(CBS/AP) ALFRED, Maine - A high-profile prostitution scandal featuring sex videos, adultery, exhibitionism and more than 100 clients drew to a close Friday when Alexis Wright, a Zumba fitness instructor who turned her Maine studio into a brothel, was sentenced to 10 months in jail.
PICTURES: Zumba instructor accused of prostitution
Wright was sentenced under a plea agreement on 20 counts including prostitution, conspiracy, tax evasion and theft by deception.
Justice Nancy Mills extended wishes for success after the sentence was imposed.
"Based on what you have to say and what I know about you from your attorney, I know that you will succeed when you're released and that you will prevail. I wish you success," Mills said.
Wright's attorney said the defendant had a difficult childhood, witnessing domestic violence and suffering sexual abuse, before she met Mark Strong, her eventual business partner. She said Strong used her background to manipulate her.
Addressing the judge through tears, Wright said she felt relief when police raided her business on Feb. 12, 2012, because she wanted out. She said she intends to work when she's released to help other women in similar situations.
"In my eyes I'm free. I free from this. And I have an incredible amount of strength that I knew was in me somewhere. Now that I have the strength I want to encourage others to come forward. I want them to know that there's at least one person out there who'll believe their story, no matter how crazy it seems," she told the judge.
"It's my intention to stand up for what is right. When I'm out, I'm going to pursue helping people fight through situations that are similar to mine. I'm optimistic that something good will come out of this."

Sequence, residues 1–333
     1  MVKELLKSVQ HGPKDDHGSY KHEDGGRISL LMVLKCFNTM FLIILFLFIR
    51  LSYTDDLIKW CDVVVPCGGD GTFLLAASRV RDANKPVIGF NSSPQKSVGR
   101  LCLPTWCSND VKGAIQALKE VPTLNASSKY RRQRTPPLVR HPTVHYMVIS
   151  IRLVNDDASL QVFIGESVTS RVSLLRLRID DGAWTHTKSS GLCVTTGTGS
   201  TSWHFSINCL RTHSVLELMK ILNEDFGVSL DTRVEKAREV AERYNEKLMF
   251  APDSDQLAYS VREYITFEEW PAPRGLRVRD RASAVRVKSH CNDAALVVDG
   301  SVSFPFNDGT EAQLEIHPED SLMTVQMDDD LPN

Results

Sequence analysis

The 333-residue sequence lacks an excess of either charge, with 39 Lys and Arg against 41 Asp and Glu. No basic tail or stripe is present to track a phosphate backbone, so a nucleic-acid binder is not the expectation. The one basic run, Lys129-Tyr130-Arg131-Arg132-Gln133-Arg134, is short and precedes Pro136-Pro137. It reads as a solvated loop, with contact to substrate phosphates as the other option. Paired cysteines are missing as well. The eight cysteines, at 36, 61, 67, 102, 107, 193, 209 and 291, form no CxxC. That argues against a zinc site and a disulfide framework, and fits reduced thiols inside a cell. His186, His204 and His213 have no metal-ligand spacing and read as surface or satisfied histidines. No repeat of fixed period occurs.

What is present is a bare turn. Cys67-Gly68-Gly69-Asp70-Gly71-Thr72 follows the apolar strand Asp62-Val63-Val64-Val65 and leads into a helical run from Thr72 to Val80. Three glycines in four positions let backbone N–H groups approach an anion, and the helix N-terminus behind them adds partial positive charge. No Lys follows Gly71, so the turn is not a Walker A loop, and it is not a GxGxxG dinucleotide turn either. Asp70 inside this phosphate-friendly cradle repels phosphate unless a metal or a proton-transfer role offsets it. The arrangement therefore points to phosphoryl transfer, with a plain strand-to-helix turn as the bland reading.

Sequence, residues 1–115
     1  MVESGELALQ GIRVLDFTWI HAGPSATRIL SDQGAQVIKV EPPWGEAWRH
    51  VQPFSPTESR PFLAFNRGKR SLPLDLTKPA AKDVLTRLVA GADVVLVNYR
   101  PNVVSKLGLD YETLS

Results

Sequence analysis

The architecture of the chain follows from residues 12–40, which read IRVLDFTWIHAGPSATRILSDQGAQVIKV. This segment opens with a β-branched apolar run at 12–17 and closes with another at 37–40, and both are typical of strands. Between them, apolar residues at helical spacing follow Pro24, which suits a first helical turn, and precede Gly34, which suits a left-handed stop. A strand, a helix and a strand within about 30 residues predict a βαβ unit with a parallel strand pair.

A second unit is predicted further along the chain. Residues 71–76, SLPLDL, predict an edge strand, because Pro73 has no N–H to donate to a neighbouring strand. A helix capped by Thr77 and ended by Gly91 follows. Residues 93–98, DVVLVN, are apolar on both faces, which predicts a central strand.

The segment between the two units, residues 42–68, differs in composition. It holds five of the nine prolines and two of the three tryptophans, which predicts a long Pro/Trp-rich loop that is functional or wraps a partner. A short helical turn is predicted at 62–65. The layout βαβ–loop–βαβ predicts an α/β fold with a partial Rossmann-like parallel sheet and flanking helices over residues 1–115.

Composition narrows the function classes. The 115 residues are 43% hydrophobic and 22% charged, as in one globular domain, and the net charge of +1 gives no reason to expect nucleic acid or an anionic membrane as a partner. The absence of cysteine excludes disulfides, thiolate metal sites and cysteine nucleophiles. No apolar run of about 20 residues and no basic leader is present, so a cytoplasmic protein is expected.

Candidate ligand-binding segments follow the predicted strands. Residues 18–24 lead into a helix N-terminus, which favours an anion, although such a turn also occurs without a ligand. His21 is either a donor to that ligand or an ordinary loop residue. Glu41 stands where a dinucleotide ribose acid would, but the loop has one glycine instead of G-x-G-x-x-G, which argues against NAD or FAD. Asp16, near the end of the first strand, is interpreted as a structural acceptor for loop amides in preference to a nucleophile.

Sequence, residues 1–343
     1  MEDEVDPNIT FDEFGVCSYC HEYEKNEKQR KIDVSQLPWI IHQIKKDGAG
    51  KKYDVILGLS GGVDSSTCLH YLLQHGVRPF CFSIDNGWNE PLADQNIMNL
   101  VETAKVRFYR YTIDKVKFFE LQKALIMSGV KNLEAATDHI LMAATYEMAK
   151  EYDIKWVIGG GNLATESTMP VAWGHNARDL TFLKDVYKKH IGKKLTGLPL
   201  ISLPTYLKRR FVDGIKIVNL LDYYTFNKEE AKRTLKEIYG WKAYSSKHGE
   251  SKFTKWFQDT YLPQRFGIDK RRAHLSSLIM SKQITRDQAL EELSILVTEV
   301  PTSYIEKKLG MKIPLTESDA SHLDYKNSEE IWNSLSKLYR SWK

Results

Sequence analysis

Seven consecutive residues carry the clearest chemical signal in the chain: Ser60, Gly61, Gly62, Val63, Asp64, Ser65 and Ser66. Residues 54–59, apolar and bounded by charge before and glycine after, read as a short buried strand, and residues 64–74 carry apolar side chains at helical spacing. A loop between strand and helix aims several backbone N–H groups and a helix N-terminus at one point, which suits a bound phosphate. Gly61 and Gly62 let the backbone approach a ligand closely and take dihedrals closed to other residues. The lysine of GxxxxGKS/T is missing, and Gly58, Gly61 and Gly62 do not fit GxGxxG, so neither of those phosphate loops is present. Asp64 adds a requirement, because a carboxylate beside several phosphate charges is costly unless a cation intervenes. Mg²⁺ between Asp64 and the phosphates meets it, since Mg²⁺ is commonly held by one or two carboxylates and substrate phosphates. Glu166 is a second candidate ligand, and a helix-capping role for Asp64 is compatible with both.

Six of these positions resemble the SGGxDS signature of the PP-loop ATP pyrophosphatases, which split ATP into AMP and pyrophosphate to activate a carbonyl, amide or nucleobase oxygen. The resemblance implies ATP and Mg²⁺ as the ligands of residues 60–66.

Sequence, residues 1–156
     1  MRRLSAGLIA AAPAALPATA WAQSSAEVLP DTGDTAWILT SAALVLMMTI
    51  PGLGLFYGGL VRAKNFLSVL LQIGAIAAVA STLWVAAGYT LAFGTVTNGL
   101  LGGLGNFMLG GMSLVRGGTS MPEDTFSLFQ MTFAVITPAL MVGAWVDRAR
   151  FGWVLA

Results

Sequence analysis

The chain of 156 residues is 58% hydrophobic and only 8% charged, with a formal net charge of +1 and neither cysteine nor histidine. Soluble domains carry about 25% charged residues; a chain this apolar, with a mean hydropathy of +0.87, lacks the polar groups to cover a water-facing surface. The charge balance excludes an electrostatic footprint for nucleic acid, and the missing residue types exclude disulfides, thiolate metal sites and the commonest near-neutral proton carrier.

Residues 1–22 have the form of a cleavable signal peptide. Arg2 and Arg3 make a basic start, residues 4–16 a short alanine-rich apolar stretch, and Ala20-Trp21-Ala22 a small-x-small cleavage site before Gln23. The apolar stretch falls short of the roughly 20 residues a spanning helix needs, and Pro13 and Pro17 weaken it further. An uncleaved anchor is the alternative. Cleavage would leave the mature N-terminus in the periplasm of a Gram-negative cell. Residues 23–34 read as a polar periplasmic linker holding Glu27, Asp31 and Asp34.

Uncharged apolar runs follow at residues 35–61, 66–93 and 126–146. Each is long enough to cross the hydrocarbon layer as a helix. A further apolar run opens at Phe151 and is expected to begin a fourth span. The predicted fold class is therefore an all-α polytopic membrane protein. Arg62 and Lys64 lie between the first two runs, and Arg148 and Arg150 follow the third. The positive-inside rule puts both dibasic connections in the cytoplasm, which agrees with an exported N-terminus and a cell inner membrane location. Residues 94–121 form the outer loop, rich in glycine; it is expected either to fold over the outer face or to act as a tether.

Afterward, she was led from court to begin serving her sentence.
The 30-year-old Wright was accused of conspiring with an insurance business owner to run a prostitution business in which she videotaped clients without their knowledge and kept detailed records over an 18-month period indicating she made $150,000 tax-free. She also collected more than $40,000 in public assistance.
The scandal in the seaside town of Kennebunk, known for its sea captain's mansions, beaches and New England charm, became a sensation following reports that Wright had at least 150 clients, some of them prominent. So far, those who have been charged include a former mayor, a high school hockey coach, a minister, a lawyer and a firefighter.
Wright was originally charged with 106 counts. All the counts in the plea agreement were misdemeanors, including three counts relating to welfare and tax fraud that were reduced from felonies.
Under the agreement, prosecutors will seek restitution of $57,280.54. Prosecutors say Wright cooperated with prosecutors and spared the state an expensive trial.
Her business partner, Strong, 57, of Thomaston, was convicted of 13 counts related to promotion of prostitution and was sentenced to 20 days in jail. The married father of two, who has acknowledged having an affair with Wright, was originally charged with 59 counts.
It came as little surprise that Wright opted to avoid standing trial by pleading guilty because evidence against her was overwhelming in Strong's trial, with jurors watching a video of her engaging in sex with a client who left $250, which she pocketed.
Prosecutors say paid sex happened in her studio, apartment and an office, where tenants complained about moaning and groaning.
Electronic evidence was plentiful because the two kept in touch via text, email and Skype, which Wright used to send a live video stream of sex acts to Strong. Videos also showed them speaking openly of ledgers, payments and scheduling.
Evidence unsealed after the trial indicated electronic exchanges in which Wright talked about the business goals: nine clients a week, 45 clients a month. They also openly discussed scheduling, insurance payments, her sexy outfits and clients' preferences. She even appeared to seek advice from Strong after encountering an unhappy client.
Business was running smoothly before it came to an abrupt end.
"I feel like this is going to be a good week," Wright wrote to Strong two days before the arrival of detectives with search warrants on Feb. 14, 2012.